Context in 1 Cor 4:1 So then, men ought to regard us as servants of Christ and as those entrusted with the secret things of God.
Occurences: The root of ύπηρέτας(ύπηρέτης) occurs 20 times in the New Testament.
Translation: ύπηρέτης is translated as 'officer' 11 times, 'minister' 5 times, and 'servant' 4 times.
English Definition: 'servant' is defined in Webster's as: one that serves others, one that performs duties about the person or home of a master or personal employeer.

Greek musterion.jpg

(myoo-stay-ree-own)
Definition: a mystery, secret, secret doctrine, what was not known before
Context in 1 Cor 4:1 So then, men ought to regard us as servants of Christ and as those entrusted with the secret things of God.
Occurences: The root of μυστήρίων (μυστήριον)occurs 27 times in the New Testament.
Translation: μυστήριον is translated as 'mystery' all 27 times.
English Definition: 'mystery' is defined in Webster's as: a religious truth that one can know only by revelation and cannot fully understand, any of the 15 events serving as a subject for meditation during the saying of the rosary, something not understood, a private secret, a profound, inexplicable, or secretiv quality or character. 'secret' is defined in Webster's as: something kept from knowledge or view, marked by the habit of discretion, working with hidden aims or methods, designed to elude observation or detection.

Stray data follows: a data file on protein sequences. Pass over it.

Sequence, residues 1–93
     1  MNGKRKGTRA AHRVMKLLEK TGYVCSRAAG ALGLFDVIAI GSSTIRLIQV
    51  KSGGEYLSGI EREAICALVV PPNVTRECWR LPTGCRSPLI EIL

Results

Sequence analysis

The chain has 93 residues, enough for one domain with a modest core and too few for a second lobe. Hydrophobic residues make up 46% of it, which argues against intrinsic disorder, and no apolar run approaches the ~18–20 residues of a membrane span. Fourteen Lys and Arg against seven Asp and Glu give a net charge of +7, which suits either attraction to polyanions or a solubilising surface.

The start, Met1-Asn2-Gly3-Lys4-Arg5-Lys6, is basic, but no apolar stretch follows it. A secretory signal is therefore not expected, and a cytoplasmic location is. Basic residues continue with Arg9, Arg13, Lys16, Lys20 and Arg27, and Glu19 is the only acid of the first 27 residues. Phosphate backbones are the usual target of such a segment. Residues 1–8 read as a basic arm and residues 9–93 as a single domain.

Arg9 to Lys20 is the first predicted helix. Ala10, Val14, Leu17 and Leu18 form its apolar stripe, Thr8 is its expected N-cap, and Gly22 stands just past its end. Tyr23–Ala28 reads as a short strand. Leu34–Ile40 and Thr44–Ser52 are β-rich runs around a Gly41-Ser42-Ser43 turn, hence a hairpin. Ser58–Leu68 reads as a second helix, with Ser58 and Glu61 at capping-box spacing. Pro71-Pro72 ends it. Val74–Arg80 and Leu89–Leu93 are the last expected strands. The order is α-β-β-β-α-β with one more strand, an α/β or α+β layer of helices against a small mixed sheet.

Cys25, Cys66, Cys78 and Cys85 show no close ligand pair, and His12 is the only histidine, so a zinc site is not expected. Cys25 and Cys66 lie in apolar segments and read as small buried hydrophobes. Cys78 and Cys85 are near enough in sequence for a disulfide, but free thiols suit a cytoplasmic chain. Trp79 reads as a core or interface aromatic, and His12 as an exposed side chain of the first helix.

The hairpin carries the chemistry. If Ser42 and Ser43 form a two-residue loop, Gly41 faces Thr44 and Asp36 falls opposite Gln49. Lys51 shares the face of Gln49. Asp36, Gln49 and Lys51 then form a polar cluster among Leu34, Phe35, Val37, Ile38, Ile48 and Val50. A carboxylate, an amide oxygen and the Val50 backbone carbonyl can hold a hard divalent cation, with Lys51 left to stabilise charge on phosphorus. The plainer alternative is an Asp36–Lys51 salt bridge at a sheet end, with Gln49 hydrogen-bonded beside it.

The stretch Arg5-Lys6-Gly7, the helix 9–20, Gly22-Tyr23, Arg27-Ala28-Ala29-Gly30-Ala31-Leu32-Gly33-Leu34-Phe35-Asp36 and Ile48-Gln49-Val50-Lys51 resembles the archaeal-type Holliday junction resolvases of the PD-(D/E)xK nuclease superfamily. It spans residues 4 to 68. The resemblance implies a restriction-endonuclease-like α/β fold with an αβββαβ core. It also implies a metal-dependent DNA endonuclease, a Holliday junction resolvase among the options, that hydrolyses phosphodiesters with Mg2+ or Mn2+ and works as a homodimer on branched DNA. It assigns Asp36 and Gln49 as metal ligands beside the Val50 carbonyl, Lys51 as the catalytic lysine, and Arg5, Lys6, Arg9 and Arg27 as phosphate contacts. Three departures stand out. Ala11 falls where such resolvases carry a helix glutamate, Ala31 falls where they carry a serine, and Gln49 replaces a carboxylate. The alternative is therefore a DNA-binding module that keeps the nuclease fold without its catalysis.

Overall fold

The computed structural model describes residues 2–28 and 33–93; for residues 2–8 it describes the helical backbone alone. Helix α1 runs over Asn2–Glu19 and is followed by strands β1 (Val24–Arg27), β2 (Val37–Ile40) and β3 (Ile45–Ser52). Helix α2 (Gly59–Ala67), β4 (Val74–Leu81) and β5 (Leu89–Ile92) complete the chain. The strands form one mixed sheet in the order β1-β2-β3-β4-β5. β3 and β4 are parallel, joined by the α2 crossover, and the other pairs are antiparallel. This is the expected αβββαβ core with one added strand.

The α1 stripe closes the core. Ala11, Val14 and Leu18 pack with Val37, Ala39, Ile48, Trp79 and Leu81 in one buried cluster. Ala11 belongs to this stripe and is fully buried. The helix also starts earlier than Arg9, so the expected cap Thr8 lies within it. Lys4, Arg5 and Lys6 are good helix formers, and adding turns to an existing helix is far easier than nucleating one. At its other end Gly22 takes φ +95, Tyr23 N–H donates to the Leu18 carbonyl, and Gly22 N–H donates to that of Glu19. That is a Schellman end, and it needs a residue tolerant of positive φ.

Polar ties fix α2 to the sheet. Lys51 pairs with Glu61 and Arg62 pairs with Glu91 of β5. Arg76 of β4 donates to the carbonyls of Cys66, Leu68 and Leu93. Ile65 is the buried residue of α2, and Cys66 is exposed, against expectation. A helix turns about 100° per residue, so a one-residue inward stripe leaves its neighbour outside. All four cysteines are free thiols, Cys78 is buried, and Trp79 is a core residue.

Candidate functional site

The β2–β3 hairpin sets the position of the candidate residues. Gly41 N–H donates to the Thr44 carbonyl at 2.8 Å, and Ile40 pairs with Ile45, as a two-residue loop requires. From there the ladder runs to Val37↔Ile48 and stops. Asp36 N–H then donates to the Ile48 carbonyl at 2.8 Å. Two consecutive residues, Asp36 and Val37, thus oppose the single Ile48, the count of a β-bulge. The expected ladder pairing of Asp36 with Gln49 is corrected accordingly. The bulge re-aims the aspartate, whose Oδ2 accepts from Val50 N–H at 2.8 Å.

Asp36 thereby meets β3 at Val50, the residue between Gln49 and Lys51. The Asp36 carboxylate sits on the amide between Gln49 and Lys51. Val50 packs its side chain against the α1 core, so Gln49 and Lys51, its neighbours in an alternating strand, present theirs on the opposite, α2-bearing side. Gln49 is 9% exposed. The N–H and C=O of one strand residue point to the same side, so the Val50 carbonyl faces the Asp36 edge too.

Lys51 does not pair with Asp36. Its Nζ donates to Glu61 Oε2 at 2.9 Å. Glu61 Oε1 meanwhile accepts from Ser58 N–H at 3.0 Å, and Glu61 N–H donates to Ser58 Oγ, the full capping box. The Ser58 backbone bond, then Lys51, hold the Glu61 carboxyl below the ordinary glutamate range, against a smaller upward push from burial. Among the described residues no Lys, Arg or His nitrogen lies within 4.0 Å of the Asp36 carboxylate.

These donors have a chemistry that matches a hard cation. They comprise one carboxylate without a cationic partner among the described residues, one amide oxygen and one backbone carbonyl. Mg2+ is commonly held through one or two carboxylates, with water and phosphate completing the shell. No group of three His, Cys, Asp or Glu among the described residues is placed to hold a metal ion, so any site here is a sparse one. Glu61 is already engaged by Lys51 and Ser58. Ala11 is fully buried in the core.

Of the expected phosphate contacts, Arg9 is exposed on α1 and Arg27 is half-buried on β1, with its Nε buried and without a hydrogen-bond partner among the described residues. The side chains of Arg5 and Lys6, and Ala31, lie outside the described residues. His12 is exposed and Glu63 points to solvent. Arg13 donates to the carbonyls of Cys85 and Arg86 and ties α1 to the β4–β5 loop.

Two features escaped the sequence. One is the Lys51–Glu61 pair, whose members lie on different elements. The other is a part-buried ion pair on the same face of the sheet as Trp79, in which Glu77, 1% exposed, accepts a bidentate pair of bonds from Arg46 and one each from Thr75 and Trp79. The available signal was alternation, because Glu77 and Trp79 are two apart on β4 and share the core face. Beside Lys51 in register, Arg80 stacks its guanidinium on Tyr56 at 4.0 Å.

Greek boulas.jpg

(boo-loss)
Definition: counsel, plan, purpose, deliberation, motive, resolve, decision
Context in 1 Cor 4:5 He will bring to light what is hidden in darkness and will expose the motives of men's hearts. At that time each will receive his praise from God.
Occurences: The root of βουλάς (βουλή) occurs 12 times in the New Testament.
Translation: βουλή is translated as 'counsel' 10 times, 'will' 1 time, and 'advise' 1 time.
English Definition: 'motive' is defined in Webster's as: something that causes a person to act.

Greek epainos.jpg

(ep-eye-noss)
Definition: praise, commendation, approval
Context in 1 Cor 4:5 He will bring to light what is hidden in darkness and will expose the motives of men's hearts. At that time each will receive his praise from God.
Occurences: έπαινος occurs 11 times in the New Testament.
Translation: έπαινος is translated as 'praise' all 11 times.
English Definition: 'praise' is defined in Webster's as: to express a favorable judgment of, to glorify especially by the attribution of perfections.